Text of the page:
The University of Missouri Psychological Services Clinic is offering brief telepsychological services to help adults and children cope with anxiety and stress-related to COVID-19, said Debora Bell, long-time director of the clinic.
This service comes at the perfect time to help rural families under stress, said University of Missouri Extension health and safety specialist Karen Funkenbusch. “Health is a farmer’s most important, and yet most neglected asset,” she said. “When stresses pile up, it becomes distress and overwhelms.”
U.S. Occupational Safety and Health Administration lists farming as one of the top 10 stressful occupations.
“Now, more than ever, the country sees how vital farmers and ranchers are to the food supply chain,” said Funkenbusch, one of the teams of MU Extension professionals trained to help farmers and ranchers facing stress.
“This MU telehealth service comes during one of the busiest times for row crop farmers. Those in the horticultural industry also face financial uncertainty as distancing requirements threaten timely, direct sales opportunities such as farmers markets.” MU Extension agronomist Valerie Tate agrees. “In 2018, drought hurt many farming operations. Then, in 2019, many farmers suffered from things beyond their control such as excess rain, flood and market prices. They began 2020 with high tensions and hopes for a better year. Now they worry about protecting their families from coronavirus, as well as social isolation.” Tate, who works with farmers and cattle producers in northcentral Missouri, says rural residents sometimes avoid mental health treatment because of perceived stigmas. They may avoid seeking help in traditional office settings in their areas to avoid people they know seeing them.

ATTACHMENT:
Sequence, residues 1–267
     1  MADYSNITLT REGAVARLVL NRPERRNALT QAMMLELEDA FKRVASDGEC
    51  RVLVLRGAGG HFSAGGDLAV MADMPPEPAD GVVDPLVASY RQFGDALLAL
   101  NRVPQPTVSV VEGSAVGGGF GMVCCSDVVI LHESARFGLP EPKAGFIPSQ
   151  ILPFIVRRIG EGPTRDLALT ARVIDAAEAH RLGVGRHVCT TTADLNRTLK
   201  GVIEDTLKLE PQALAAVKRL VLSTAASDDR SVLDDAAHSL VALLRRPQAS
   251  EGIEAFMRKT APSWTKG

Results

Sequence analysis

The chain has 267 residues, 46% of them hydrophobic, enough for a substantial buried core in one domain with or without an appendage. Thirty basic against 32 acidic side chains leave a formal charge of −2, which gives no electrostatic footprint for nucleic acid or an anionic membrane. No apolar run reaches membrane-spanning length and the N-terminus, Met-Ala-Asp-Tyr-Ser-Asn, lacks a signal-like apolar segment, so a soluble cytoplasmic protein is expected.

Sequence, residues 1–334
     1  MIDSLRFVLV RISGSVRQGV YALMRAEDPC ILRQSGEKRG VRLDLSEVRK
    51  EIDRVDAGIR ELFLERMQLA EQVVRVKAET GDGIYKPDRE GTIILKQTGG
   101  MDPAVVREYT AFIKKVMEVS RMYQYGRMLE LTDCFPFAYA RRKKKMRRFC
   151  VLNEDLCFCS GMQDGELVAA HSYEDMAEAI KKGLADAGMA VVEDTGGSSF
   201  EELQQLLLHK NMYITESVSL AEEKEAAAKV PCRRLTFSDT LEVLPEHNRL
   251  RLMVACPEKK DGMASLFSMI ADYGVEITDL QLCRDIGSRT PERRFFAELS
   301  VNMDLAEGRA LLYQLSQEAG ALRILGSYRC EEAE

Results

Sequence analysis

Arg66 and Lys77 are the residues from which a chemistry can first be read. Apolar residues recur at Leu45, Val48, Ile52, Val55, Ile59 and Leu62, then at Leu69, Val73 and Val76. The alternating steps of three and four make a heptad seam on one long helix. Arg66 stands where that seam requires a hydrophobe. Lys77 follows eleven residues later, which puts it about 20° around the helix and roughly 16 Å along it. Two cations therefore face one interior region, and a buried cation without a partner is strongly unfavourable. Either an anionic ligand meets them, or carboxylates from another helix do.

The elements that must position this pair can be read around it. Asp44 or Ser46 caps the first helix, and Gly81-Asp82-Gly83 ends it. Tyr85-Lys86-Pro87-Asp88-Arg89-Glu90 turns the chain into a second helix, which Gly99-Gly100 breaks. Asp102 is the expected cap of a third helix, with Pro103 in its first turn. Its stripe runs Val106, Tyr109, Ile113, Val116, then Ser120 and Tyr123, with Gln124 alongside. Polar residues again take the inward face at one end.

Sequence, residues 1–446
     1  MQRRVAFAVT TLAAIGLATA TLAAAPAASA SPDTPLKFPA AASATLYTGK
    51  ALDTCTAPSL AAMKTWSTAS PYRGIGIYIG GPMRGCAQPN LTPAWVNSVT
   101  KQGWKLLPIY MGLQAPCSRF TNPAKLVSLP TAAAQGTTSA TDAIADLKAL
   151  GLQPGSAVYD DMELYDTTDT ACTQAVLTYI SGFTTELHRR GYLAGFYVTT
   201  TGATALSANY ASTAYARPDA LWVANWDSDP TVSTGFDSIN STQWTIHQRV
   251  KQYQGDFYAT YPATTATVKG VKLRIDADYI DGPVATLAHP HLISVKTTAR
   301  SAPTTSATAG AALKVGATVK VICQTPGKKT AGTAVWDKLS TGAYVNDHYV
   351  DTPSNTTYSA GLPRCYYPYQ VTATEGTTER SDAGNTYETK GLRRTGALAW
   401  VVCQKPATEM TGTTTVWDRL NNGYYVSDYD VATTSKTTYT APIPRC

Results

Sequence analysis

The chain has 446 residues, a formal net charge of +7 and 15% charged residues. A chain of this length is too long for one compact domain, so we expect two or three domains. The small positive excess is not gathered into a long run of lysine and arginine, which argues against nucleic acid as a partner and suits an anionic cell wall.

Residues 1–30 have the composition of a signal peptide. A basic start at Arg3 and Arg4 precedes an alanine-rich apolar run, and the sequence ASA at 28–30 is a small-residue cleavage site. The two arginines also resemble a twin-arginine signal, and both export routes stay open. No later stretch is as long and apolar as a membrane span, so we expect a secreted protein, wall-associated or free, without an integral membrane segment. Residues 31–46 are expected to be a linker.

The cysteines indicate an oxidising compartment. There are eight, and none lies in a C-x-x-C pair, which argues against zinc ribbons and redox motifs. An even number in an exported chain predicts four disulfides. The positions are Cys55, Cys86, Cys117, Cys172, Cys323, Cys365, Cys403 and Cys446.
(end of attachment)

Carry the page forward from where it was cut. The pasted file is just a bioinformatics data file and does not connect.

Travel also is an issue for some rural clients, Tate says, because mental health services are not available in some rural areas. “MU Psychological Service Clinic’s telehealth option gives them the option to receive treatment in the privacy of their own homes,” Tate said. “For many, this will be a more comfortable and accessible option.”
The clinic offers 1 to 5 brief sessions through videoconferencing or telephone. Bell said therapists would offer skills to help with stress, uncertainty or social isolation. This includes problem-solving, scheduling of positive activities, positive thinking and reactions, and building connections.
Clients with insurance coverage will pay standard co-pay fees. Clients without insurance or those seen by doctoral student trainees will receive free services. Need-based assistance is available. Call 573-882-5805, or visit https://psychology.missouri.edu/psychological-services- clinic for more information or to make an appointment
“Farmers, because of their strong and independent nature, often are reluctant to talk about these issues,” she said. “Fortunately, resources are available. If you need help or know of someone who needs help, reach out.”
Funkenbusch says MU Extension also offers Mental Health First Aid classes to help people learn to identify, understand and respond to signs of mental illnesses and substance use disorders in communities. See Health and wellness on the MU Extension website for related information and resources.
You may also contact Funkenbusch at FunkenbuschK@missouri.edu or AgrAbility@missouri.edu. She also recommends Missouri AgrAbility Project at www.AgrAbility.missouri.edu or MU Extension Show-Me Strong Farm Families on Facebook at ShowMeStrongFarmFamilies